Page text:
JAPAN LIFTS RESTRICTION ON RP OKRAManila, April 19, 2003 -- Japan has lifted the tight inspection order it has imposed on Philippine okra since January 2002, paving the resumption of the P650 million okra export trade that has benefited hundreds of Filipino farmers. Philippine agriculture attaché Joseph Sison based in Tokyo reported that the Japanese Ministry of Health, Labor and Welfare has eased the inspection order on all okra imports from the Philippines effective April 1. Okra shipments from the Philippines can be allowed entry into Japanese market provided they are inspected and certified by the Bureau of Plant Industry to be free from excessive pesticide residues, according to agriculture secretary Luis Lorenzo. "This is a very positive development for our farmers. Now that we've been given the second chance, we've got to consistently improve on the quality of our okra so we can maintain competitiveness in the Japanese market," Lorenzo said. While Japan has softened its tight quarantine regulations regarding Philippine okra, Lorenzo urged farmers and exporters to subject their shipment to BPI inspection, adding that without the required BPI inspection certificate, their highly perishable cargo would still be subject to total inspection at Japanese ports, causing unnecessary delay and giving them higher financial risks. Since January 23 last year Japanese quarantine inspectors had been detaining and testing at their ports all okra shipment from the Philippines after a shipment had been found to contain pesticide residues at levels way above what is allowed. The case stemmed from Tarlac okra samples that arrived that day which contained 0.17 parts per million (ppm) of chlorpyrifos residues, beyond the allowable maximum residue level of 0.1 ppm. The incident was only the second in the past 20 years. The results of such residue tests take at least three days before each shipment can be released. Okra loses its freshness and becomes less marketable, bringing huge revenue losses to local exporters. Since the 1980s, the Philippines had been exporting to Japan an average of 88.8 tons of fresh okra weekly valued at $240,000 or a yearly delivery worth about P650 million. When the pesticide issue erupted January last year, volume had dropped to 16.4 tons worth $45,200 tons until shipment gradually stopped due to high financial risks associated with the tedious inspection procedure. But with the inspection order lifted, Lorenzo believed the multi-million peso okra export trade will be back in business.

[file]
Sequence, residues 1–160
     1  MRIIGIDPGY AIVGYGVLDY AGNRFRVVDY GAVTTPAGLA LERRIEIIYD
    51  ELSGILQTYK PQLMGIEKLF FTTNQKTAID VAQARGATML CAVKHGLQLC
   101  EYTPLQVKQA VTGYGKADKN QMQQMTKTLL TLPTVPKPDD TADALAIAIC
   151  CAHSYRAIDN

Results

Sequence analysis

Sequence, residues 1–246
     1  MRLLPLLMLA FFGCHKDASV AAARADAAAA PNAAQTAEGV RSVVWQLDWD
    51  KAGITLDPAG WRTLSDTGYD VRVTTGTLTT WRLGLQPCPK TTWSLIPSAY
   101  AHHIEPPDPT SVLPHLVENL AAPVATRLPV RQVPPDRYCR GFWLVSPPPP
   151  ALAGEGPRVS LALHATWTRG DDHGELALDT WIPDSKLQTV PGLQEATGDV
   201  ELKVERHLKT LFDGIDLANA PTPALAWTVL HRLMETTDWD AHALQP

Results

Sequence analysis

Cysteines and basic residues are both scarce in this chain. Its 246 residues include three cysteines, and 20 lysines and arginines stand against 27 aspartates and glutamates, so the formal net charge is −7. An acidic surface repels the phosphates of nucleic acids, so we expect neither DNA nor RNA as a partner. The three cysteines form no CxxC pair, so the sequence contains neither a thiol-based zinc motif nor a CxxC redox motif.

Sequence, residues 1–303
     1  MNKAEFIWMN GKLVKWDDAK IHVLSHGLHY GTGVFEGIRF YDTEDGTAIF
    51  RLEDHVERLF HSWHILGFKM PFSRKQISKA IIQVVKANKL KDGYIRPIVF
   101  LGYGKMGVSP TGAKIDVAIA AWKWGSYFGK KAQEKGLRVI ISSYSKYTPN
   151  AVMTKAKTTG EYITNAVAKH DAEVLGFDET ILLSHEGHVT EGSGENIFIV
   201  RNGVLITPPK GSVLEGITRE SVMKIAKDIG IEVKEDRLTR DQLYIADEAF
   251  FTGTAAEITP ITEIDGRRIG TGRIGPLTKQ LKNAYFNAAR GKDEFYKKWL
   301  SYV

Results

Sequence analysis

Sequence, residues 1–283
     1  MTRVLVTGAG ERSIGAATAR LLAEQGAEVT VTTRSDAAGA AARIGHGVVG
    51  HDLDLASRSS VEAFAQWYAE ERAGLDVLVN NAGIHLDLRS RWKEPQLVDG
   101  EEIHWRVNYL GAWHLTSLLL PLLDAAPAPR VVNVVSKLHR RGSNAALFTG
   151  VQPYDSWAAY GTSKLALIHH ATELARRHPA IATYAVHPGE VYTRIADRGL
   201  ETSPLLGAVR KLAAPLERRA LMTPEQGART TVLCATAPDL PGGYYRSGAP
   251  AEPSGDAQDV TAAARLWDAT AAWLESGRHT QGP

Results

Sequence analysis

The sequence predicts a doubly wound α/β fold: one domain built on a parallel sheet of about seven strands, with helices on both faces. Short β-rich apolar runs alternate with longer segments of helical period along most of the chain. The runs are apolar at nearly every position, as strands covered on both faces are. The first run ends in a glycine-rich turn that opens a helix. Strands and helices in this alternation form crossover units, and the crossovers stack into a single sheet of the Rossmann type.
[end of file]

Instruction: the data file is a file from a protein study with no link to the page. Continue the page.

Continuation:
Reported by: Sol Jose Vanzi
© Copyright, 2003
by PHILIPPINE HEADLINE NEWS ONLINE
All rights reserved
PHILIPPINE HEADLINE NEWS ONLINE [PHNO] WEBSITE